Stage Capsule Reviews
Charlie & Out at Sea Having lived under Communist domination, modern Polish migr writer Slawomir Mrozek thrives in the "theater of the absurd" as if he were a hothouse exotic bloom, fragrant but deadly, colorful but showing rot around the edges. His early short works -- two of which, from 1961, are being put on by dos chicas theater commune -- are polemics masquerading as dramas. The characters might as well wear sandwich boards advertising what they stand for: capitalist pig, hapless bureaucrat, nave simpleton, sniveling toady. These one-acters work well in spite of Mrozek's capital-letter signage because the absurdity of the situations kicks everything into goofy high gear. Life's senselessness reigns. Mumbling, shuffling Grandpa wants glasses so he can find the elusive Charlie and shoot him dead. Once he can see, though, everyone looks like Charlie, and the murder spree begins. This opening piece is stiffer than it should be thanks to an awkward translation. The characters are "ideas," but so is their dialogue. Out at Sea is the better play. Stranded on a raft, "Fat" (David Harlan), "Medium" (Julie Boneau) and "Thin" (Heidi Daniel-Morgan) decide who should be eaten so the other two can survive. The symbolism of its political satire is obvious, but the absurdity is so over-the-top (the dinner service brought out of the trunk, the postman and obsequious butler who swim up to the raft) that the subversive message arrives fresh and wicked. Through February 24. Freneticore Theater, 5102 Navigation St., 832-283-0858.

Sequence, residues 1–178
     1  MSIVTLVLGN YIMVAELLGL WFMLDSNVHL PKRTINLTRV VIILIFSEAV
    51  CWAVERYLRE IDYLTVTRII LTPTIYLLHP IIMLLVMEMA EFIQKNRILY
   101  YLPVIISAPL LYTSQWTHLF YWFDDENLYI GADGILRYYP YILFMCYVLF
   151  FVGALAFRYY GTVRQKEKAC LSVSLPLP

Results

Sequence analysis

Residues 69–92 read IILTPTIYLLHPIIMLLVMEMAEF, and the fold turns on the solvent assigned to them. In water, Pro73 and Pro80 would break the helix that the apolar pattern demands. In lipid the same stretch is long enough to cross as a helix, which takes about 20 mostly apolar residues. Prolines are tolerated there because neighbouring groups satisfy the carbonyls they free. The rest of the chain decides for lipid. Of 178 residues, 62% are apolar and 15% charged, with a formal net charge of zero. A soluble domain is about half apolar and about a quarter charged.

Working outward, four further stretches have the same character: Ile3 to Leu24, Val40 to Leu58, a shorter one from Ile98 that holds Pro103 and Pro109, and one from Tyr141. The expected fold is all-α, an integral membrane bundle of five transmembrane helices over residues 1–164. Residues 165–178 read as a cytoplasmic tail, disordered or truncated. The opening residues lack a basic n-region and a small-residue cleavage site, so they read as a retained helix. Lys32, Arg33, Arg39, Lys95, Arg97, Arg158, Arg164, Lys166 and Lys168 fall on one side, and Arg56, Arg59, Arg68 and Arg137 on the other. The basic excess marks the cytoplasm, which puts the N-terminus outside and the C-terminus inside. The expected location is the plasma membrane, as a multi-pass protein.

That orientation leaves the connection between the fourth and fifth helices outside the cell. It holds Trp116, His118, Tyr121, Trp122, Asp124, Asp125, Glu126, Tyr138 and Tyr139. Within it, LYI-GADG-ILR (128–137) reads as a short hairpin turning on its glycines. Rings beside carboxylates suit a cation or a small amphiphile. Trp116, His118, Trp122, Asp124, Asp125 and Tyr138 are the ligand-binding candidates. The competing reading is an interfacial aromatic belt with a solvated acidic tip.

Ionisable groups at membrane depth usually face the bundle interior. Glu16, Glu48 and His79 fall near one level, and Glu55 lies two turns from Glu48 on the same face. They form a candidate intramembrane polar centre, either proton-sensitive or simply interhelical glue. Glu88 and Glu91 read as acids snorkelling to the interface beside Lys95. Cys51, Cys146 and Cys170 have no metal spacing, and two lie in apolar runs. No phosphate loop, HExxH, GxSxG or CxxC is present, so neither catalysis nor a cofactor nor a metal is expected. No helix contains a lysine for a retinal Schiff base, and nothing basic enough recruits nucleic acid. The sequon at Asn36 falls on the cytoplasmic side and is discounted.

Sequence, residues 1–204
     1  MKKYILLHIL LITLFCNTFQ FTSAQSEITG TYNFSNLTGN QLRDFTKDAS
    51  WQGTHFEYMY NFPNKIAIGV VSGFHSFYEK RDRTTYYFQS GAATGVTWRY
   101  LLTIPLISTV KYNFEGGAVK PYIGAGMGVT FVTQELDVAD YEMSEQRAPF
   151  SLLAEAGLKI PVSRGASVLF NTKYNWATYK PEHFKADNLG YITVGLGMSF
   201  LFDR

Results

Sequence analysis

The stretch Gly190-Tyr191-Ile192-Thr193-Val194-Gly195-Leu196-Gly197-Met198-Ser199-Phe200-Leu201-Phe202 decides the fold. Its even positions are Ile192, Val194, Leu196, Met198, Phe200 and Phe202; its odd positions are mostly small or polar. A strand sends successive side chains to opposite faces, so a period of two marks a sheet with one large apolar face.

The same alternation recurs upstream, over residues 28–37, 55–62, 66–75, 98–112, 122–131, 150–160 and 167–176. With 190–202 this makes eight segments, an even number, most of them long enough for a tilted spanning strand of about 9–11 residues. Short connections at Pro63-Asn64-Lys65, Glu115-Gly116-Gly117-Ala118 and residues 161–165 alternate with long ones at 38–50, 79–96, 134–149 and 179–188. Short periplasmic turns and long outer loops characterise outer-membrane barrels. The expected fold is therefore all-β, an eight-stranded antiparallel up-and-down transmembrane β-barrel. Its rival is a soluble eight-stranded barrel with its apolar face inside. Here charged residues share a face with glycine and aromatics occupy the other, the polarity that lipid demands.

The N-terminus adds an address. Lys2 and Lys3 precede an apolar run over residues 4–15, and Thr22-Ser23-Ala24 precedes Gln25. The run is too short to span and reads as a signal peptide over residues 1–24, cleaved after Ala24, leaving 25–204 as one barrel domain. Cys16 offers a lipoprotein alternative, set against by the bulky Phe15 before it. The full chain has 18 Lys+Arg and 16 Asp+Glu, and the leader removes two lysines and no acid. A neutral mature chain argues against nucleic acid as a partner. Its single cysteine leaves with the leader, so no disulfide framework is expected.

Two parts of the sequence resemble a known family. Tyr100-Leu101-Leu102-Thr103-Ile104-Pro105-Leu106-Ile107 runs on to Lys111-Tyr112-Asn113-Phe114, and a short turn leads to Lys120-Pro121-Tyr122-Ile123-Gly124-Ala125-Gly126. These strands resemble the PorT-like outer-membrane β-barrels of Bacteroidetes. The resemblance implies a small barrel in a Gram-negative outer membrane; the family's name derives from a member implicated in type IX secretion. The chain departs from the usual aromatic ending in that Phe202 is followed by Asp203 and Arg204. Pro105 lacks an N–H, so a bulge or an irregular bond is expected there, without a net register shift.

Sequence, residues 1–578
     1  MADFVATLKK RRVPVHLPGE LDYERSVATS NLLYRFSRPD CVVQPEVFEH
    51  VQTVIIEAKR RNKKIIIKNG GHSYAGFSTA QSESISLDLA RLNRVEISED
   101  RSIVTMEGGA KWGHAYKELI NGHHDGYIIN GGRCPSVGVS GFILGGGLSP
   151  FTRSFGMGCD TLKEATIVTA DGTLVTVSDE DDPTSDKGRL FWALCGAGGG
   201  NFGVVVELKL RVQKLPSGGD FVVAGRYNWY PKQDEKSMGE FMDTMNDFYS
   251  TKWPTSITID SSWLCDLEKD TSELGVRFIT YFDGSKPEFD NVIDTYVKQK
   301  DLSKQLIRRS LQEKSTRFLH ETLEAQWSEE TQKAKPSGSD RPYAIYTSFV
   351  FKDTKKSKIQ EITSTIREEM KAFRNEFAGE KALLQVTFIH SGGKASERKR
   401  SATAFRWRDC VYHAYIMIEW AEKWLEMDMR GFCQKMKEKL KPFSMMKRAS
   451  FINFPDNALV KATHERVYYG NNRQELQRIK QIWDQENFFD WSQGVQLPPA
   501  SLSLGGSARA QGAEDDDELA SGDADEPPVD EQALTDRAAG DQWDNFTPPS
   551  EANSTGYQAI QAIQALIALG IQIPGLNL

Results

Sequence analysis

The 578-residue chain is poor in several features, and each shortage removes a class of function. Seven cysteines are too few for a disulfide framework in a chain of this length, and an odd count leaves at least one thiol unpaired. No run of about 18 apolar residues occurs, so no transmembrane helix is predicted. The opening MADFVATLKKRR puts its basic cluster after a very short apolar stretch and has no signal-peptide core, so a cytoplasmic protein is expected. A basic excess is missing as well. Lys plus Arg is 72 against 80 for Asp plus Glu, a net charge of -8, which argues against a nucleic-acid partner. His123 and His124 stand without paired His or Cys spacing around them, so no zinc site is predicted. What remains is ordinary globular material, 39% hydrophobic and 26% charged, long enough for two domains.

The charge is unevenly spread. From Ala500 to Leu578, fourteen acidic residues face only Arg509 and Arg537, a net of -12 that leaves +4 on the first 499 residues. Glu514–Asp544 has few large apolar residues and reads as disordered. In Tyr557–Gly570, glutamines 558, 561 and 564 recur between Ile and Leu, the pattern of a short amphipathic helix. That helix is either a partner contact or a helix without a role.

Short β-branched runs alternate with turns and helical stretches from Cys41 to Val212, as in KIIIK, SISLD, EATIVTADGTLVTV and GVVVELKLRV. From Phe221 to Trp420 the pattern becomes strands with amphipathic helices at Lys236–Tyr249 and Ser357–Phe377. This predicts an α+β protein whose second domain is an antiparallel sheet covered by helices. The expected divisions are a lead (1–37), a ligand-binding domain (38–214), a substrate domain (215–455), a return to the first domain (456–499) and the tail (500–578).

The Compleat Works of Wllm Shkspr (Abridged) Take Shakespeare's entire oeuvre, add great quantities of British pantomime -- outlandish drag, boob humor and silly slapstick -- gloss it with lowbrow Benny Hill and the higher absurdity and wit of Monty Python, add healthy doses of uppers and caffeine, and then just sit back and laugh yourself stupid. This sidesplitting reduction of Shakespeare, fully entertaining via a trio of madcap guys at Texas Repertory Theatre Co. (the original played for ten years in London), not just takes down the Bard, but first spins him overhead before bouncing him off the ropes and head-butting him to the ground. While dissing the Great One, this zany whirl respects him, too, if only subliminally. So, for example, all the histories are played as a spirited football game with the English crown being tossed down field; the comedies are encapsulated in the whacked-out, ridiculously plotted "The Love Boat Goes to Verona"; the tragedy of Othello is animated with uptown rap; and the surreal, gory Titus Andronicus is parodied as a TV cooking show. The second act is devoted to Hamlet, and if their initial telling is not funny enough, which it most surely is, then you get to see the boys perform it faster, then fastest, then backwards. Even a passing knowledge of the plays will not deter your admiring laughter. The ultra-talented trio boasts Craig A. Miller, Steven Fenley and Ryan Schabach, who stop at nothing to get a laugh, for which we thank them heartily. Through March 3. 14243 Stuebner Airline, 281-583-7573.